Here’s the start of filmmixtape’s first Best of the Year superlatives. Yes, some things will be coming at their own pace – I have a few major things to see. It may be late, but I’m a completist, dammit. I’m starting off with what is always my favorite category: Best Supporting Actress.
Rose Byrne – Spy
- Every withering word out of her mouth in etched in marble. Byrne’s comedic gifts are absurdly under-valued against larger comedy names, and she’s been found unexpected honesty in hilarious performances in Neighbors and Bridesmaids. But she’s never been this uproariously precise or taken given broad humor this much brains.
Nihal G. Koldas – Mustang
- Her grandmother is as both funny and urgent as the film needs her to be, but she’s never as anonymous as her character’s standing in the film’s patriachy. An extension of the film’s quintet of girls, she’s terrified, passionate, and loving in her own way. So much of the danger we feel for the girls come from the equal mix of fear and compassion on her face.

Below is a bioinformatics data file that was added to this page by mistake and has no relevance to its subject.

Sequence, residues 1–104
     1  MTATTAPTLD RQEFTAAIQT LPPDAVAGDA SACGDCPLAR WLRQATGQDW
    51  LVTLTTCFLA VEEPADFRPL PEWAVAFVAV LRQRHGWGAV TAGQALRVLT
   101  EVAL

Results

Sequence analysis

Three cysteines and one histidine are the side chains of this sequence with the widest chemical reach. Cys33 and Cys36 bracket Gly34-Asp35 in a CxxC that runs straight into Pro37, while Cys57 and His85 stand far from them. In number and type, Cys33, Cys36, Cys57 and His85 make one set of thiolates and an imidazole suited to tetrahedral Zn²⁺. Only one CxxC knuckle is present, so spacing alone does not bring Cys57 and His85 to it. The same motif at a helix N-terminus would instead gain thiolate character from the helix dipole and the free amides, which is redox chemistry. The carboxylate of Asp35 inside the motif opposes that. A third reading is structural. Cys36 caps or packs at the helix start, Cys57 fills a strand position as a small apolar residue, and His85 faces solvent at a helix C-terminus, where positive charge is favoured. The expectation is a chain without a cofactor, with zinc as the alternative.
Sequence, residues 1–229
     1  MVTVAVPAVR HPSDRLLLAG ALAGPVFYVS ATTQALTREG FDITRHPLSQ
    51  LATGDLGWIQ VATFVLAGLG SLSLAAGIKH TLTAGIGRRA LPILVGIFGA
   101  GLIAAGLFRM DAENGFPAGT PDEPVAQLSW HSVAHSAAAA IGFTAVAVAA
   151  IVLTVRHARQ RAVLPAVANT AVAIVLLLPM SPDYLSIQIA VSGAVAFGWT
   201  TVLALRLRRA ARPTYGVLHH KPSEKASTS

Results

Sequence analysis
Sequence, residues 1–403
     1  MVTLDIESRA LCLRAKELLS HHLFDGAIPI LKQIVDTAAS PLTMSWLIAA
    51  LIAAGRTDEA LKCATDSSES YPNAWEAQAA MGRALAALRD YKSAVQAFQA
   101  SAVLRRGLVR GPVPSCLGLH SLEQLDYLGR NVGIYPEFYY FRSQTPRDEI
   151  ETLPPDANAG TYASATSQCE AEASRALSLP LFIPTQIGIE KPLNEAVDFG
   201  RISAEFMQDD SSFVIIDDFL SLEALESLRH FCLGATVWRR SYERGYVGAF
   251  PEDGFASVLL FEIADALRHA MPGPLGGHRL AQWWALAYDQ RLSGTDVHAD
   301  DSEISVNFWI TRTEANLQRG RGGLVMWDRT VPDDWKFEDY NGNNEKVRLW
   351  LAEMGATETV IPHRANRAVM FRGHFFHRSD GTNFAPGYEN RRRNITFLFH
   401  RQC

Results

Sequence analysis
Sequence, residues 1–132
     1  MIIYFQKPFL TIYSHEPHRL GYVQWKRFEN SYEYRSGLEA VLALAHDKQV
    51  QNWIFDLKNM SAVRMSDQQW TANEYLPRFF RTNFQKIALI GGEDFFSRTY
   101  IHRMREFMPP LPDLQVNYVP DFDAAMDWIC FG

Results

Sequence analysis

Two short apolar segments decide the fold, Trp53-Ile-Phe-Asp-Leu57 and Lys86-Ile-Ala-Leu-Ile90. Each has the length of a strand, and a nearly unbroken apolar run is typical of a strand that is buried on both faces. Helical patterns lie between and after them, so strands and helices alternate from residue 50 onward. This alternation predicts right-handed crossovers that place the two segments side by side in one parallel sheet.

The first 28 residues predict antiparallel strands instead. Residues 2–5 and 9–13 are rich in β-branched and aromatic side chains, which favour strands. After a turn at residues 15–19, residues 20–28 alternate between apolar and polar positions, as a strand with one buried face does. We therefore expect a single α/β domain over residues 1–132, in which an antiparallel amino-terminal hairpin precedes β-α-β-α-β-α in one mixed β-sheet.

Sarah Paulson – Carol
- Suggesting a complete life sideways of the love story at the film’s center, Paulson is dynamically present in every one of her few scenes. The Abby she creates is never the expected stock friend role in a love story – she shares a deeper connection to Carol and grants more kindness in Therese than some throwaway. She finds variety and range, crafting an Abby that is randy, defiant, and devoted.
Alicia Vikander – Ex Machina
- She aces the high degree of difficulty: compellingly human beyond even sexual intrigue, but never humanly articulated. Like the film, she maintains tension by never overplaying her hand into outright menace or innocence. Still fascinating on multiple viewings, it’s a uniquely physical performance though she’s often perfectly still.
Kate Winslet – Steve Jobs
- Verbally dexterous as necessary to Aaron Sorkin’s relentless screenplay, you can clearly sense the actress energized by the challenges she aces along the way. She fleshes out Joanna Hoffman as more of a complete person than the rest of the ensemble floating in Jobs’s orbit, every bit believably disarming Jobs in the final act by digging deep and finding the film’s emotional core.
See who almost made the cut and filmmixtape’s winner after the jump!
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